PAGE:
This morning, I found out an excellent teacher, someone I respect and look up to, received a Requires Improvement from an Ofsted QA Inspection. Needless to say, she’s gutted. I’m furious for her. Not just because she blatantly does not Require Improvement (and any idiot who spent more than 20 minutes observing her would realise this), but because this is the reason I decided to take a break from teaching.
I loved being a teacher. I loved the buzz of the classroom, and teenagers are the most inspiring, frustrating, wonderful, bonkers, infuriating and downright excellent people I have ever had the pleasure to work with. The workload was hard, but a lot of the time it felt…, well, not fun, but certainly not boring. I loved designing lessons, trying to bring in new stuff as and when I could. Sometimes it worked, sometimes it didn’t, but I never once felt like I was wasting my time.
Then things changed.
All of a sudden, I wasn’t allowed to judge my own classes and make planning decisions on what I knew they would enjoy and engage with. Instead, I had to shoehorn in a load of gimmicky nonsense that they believed to be ‘outstanding practise’, like asking your class what would happen if the world ran out of coffee, or making them write down endless reams of feedback (written in red, or teacher is, yep, RI), or stopping them every ten minutes to ‘check their progress’ by asking them to stick their fingers up their noses if they understood or their thumbs up their arses if they didn’t. You also had to stop the lesson the minute anyone higher up the foodchain walked into your lesson and ‘go through the learning objectives’ no matter what they were doing, even if you’d just gone through them 2 minutes before and the kids were working brilliantly. Because teaching is now less about teaching and more about proving you’re not letting them doodle flowers in their books whilst you read Heat.
But I could have coped with all of that. What I couldn’t cope with was the toxic culture of fear that now pervades the whole profession. People no longer talk about ‘what this brilliant kid did’ – it’s always about who had a drop in and what grade they subsequently received. As a profession, we have been reduced from largely innovative, invested individuals to a bunch of approval-seeking junkies, because we know we’re only as good as our last Ofsted rating. Forget what the kids think of you; forget what the parents think of you, if Ofsted say ‘nope’, then that’s it. You’re not good enough (although in my case, Ofsted rated me Good, but that still wasn’t enough, but that’s another story for another time).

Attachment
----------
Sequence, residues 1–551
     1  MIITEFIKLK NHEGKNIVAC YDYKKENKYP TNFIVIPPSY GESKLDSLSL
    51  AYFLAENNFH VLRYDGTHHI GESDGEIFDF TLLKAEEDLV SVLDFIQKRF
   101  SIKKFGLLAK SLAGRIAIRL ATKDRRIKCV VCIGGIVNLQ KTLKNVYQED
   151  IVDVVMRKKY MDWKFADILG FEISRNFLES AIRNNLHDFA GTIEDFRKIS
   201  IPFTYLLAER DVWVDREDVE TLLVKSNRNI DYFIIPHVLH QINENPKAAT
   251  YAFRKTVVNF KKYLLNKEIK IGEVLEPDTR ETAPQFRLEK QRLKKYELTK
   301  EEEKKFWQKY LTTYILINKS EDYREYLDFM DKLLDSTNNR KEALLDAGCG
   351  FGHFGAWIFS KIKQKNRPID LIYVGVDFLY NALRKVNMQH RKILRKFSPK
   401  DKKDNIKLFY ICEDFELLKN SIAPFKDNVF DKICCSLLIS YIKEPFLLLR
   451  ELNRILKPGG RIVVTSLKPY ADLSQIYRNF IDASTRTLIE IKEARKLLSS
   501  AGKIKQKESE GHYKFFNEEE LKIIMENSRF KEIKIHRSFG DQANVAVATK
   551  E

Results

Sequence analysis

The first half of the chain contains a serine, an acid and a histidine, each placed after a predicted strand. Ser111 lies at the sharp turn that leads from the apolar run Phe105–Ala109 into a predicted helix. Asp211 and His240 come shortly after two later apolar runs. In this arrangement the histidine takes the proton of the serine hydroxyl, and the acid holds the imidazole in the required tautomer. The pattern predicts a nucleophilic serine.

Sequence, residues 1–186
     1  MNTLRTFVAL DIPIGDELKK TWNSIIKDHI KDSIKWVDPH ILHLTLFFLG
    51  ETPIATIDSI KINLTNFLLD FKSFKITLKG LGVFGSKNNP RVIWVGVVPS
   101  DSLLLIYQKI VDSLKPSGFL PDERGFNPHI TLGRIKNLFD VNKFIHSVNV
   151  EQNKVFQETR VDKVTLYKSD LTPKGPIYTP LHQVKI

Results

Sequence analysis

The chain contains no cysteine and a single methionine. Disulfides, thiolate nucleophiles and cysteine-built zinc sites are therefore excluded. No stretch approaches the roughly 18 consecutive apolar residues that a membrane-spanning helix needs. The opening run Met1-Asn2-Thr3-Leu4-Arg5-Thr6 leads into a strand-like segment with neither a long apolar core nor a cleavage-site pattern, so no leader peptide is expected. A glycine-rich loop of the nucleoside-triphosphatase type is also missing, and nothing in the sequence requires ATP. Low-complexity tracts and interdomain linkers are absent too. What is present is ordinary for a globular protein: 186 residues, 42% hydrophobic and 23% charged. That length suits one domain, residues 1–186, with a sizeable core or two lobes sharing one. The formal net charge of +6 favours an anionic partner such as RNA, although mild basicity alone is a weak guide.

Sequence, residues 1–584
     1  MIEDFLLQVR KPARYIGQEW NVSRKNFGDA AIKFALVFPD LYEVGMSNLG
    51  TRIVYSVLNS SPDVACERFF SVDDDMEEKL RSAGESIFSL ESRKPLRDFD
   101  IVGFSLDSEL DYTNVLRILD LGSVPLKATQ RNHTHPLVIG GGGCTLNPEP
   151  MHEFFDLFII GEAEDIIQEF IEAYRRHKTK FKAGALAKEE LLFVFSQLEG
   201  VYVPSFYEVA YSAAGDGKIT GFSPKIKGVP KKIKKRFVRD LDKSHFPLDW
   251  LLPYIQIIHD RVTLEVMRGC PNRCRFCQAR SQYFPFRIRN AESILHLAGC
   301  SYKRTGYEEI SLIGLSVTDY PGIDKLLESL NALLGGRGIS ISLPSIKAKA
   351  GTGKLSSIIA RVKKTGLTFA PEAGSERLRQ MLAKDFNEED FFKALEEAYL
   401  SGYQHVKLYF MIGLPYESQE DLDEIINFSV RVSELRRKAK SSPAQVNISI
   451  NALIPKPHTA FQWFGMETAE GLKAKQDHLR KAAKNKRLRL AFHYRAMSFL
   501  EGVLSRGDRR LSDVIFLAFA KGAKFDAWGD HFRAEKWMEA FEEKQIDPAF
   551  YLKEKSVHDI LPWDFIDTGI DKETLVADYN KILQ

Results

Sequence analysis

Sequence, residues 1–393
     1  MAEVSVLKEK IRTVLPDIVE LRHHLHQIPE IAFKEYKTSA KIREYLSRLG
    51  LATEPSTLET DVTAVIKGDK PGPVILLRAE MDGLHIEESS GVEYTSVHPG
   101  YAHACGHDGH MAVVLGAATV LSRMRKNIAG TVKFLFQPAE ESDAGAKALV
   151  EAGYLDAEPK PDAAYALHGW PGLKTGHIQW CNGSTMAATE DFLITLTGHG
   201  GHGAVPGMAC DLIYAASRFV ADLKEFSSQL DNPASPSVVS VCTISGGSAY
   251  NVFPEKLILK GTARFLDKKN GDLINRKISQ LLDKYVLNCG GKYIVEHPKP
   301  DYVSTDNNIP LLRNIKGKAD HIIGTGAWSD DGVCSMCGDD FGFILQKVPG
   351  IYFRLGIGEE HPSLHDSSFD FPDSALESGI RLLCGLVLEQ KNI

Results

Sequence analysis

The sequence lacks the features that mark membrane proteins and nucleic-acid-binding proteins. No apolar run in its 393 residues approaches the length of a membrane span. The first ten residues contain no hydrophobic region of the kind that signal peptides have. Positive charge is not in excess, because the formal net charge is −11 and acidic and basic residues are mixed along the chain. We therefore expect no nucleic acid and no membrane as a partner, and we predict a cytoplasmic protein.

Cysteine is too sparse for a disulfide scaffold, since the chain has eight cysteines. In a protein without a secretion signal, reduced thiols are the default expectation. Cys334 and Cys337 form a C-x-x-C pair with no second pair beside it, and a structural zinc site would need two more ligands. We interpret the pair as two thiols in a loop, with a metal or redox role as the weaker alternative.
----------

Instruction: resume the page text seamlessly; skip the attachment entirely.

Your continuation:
This culture of fear doesn’t just stop at the teachers, though. No, the trickle down effect on our kids is something that really, really scares me. Not only do kids pick up on stress when their teachers are stressed, but what does this constant climate of assessment and judgement teach them? Well, as a life-long member of the ‘Pathological Approval Seeker’ club who bases her entire self-worth in the opinions of others, I know exactly what it teaches them. It teaches them that nothing is worth doing unless you’re being judged. That being judged and the arbitrary approval of people you’ve never even fucking seen before is more important than your own instincts. Forget cultivating independence of thought; all this does is teach kids that unless that stranger says you’re Good, you’re a failure as a human being.
What happened to doing something for the sheer joy of doing it? Or discussing something because it’s important, or simply interesting? Or encouraging kids to take risks, where they very well may fail or make mistakes but that doesn’t matter because it’s better to have the guts to give it a go than be terrified of the failure that inevitably comes with constant and relentless assessment against an increasingly narrowed set of markers? Because THIS is what we’re teaching our children right now – that the grade is everything. Forget the journey, it’s all about the destination. You are nothing more than a number, a grade, a set of statistics – and if you EVER deviate from the path laid out for you by people who don’t know you, then you are a failure. And even if you’re not this time, you will be. Oh, you will be. Because you’re being assessed again tomorrow, and who knows what tomorrow brings?